fast as in the center tap configuration. In series operation, the motor should be operated at 30% less than the rated current to prevent
overheating. Winding diagrams for both connection methods are shown below. NC means not connected.
A–
NC
A+
Grn/Wht
A–
6
lead
motor
White
Green
A+
NC
Red/
Wht
Red
Black
B–
NC
Grn/Wht
6
lead
motor
White
Green
Red
B–
B+
6 Leads Series Connected
Black
B+
Red/
Wht
NC
6 Leads Center Tap Connected
Eight lead motors can also be connected in two ways: series and parallel. As with six lead motors, series operation gives you less torque
at high speeds, but may result in lower motor losses and less heating. In series operation, the motor should be operated at 30% less
than the unipolar rated current. The wiring diagrams for eight lead motors without shielded cables are shown below.
A+
Orange
Blk/Wht
Org/
Wht
A–
Black
Red
B+
Red/
Wht
Orange
Blk/Wht
8
lead
motor
Org/Wht
A–
A+
Yellow
Yel/
Wht B–
8
lead
motor
Black
Red
Yel/
B+ Wht
8 Leads Series Connected
Yel
low
Red/Wht
8 Leads Parallel Connected
14
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Connecting an Encoder (Requires the Encoder Feedback option)
The motors recommended for use with STAC5 drives are available with rear-shaft mounted encoders. Note: remember to always order
a double-shaft motor if you need an encoder option. The mating cables available for these encoders come with an HD-15 connector on
one end that connects directly to the optional encoder connector on the STAC5, and a mating connector on the other end that connects
directly to the encoder. Simply connect the cable between the encoder and the drive and you’re done. For applications where you might
use your own encoder, you’ll need to connect to the STAC5 drive’s encoder connector using the pin assignments below.
If you are using an encoder with single ended outputs, shame on you. Differential connections are far less sensitve to electrical interference and life is too short to waste time deciphering the bizarre problems that can occur with a poor quality encoder. That said, single
ended encoders should be connected to the A+ and B+ terminals. Leave A- and B- unconnected. They are internally biased to the proper
voltage for best results. You’ll also need to select the “single ended” box in the encoder button of STAC Configurator™ or the drive will
think you have a broken encoder wire. That’s another good reason to use a differential encoder, the STAC5 can detect a broken wire or bad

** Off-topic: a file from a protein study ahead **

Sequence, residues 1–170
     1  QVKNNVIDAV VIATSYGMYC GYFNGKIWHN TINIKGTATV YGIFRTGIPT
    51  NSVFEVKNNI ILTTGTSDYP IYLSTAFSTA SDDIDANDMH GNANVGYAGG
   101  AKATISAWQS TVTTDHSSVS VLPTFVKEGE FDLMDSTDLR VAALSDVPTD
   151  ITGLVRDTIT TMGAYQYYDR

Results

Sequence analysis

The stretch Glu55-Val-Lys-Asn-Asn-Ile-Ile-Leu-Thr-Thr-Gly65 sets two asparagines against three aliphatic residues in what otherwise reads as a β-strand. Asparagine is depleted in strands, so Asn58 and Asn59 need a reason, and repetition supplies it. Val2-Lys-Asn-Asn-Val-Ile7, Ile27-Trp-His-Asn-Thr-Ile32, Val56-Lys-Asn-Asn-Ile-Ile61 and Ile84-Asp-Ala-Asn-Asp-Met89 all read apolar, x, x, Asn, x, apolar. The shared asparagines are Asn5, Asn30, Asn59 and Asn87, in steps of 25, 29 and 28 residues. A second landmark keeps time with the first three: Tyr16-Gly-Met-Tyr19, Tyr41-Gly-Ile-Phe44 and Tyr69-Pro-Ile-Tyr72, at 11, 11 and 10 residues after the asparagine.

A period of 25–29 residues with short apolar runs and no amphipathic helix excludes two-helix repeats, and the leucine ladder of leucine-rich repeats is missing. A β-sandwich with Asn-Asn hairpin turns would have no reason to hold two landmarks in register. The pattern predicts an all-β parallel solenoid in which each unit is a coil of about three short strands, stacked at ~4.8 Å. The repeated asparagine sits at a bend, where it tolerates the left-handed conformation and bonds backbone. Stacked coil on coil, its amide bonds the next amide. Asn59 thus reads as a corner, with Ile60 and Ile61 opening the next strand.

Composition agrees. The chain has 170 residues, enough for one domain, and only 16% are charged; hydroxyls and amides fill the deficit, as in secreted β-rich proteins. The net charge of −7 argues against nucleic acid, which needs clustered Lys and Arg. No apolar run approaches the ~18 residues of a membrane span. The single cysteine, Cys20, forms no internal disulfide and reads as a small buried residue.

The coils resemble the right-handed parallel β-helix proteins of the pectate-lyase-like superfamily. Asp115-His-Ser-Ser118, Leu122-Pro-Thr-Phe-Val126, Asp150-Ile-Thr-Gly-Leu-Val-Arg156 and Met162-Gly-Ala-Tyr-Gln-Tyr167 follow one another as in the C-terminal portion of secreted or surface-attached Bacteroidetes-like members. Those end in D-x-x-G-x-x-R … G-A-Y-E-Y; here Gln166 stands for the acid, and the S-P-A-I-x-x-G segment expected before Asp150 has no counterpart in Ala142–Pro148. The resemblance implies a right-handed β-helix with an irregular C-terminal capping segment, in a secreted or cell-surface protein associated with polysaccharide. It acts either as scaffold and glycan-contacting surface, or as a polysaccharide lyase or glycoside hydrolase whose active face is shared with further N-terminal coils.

signal and alert you to the problem.
7
1
2
A+
12.5K
B-
5
Pin Assignments (facing drive)
B+
6
+5V
5K
4
8.3K
Front View
3
12.5K
(11) do not connect
(12) do not connect
+5V
8.3K
HD-15 Connector
A-
Z+
Z-
8
GND
8.3K
shield (15)
do not connect (14)
do not connect (13)
inside drive
+5V
5K
(8) GND
(2) encoder A(7) +5VDC 200mA
(1) encoder A+
(6) encoder Z-
5K
encoder B+ (3)
do not connect (9)
encoder B- (4)
do not connect (10)
encoder Z+ (5)
12.5K
The encoder connections use a HD-15 connector, which you must connect to your encoder as shown below. Recommended mating connectors are listed at the back of the manual.
Internal Circuit
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IO Functions (-S model)
Pulse & Direction mode (control mode 7)
X1
Step
CW Pulse
A Quadrature
X2
Direction
CCW Pulse
B Quadrature
IN/OUT1 Connector
X3
X4
Alarm Reset
Enable Motor
Y1
Fault
Y2
Brake
Motion
Tach
Y1
Fault
Y2
Brake
Motion
Tach
Y1
Fault
GP
Y2
Brake
Motion
Tach
GP
Velocity (Oscillator) mode (control modes 11-18)
X1
Run/Stop
X2
Direction
IN/OUT1 Connector
X3
X4
Alarm Reset
Speed Change
Enable Motor
Streaming Commands (SCL) mode (control modes 21-24)
X1
CW Limit
CW Jog
GP
X2
CCW Limit
CCW Jog
GP
IN/OUT1 Connector
X3
X4
Alarm Reset
Speed Change
Enable Motor GP
GP
Notes
I/O functions are configured using STAC Configurator software and/or SCL commands.
GP indicates general purpose (controlled by SCL commands)
X1 functions as Step or CW Pulse or A Quadrature in Pulse & Direction mode (control mode 7)
X1 functions as Step or CW Pulse or A Quadrature in control mode 21 when FE command is active
X1 functions as Run/Stop in some velocity modes (control modes 12, 14, 16 and 18)
X2 functions as Direction or CCW Pulse or B Quadrature in control mode 7
X2 functions as Direction or CCW Pulse or B Quadrature in control mode 21 when FE command is active
X2 is the direction input for all velocity modes
X4 is the speed change input for some velocity modes (control modes 13, 14, 17 and 18)
Jog inputs are active in control mode 21 when using the WI command if enabled by the JE command
Limits are active in control modes 21 - 24 if enabled by the DL command or by STAC Configurator
Additional I/O details:
X1
Voltage range
5 to 24
Speed range
2 MHz
Digital filter option Y
IN/OUT1 Connector
X2
X3
5 to 24
5 to 24
2 MHz
Low
Y
Y
16
X4
5 to 24
Low
Y
Y1
30 max
Low
N/A
Y2
30 max
Low
N/A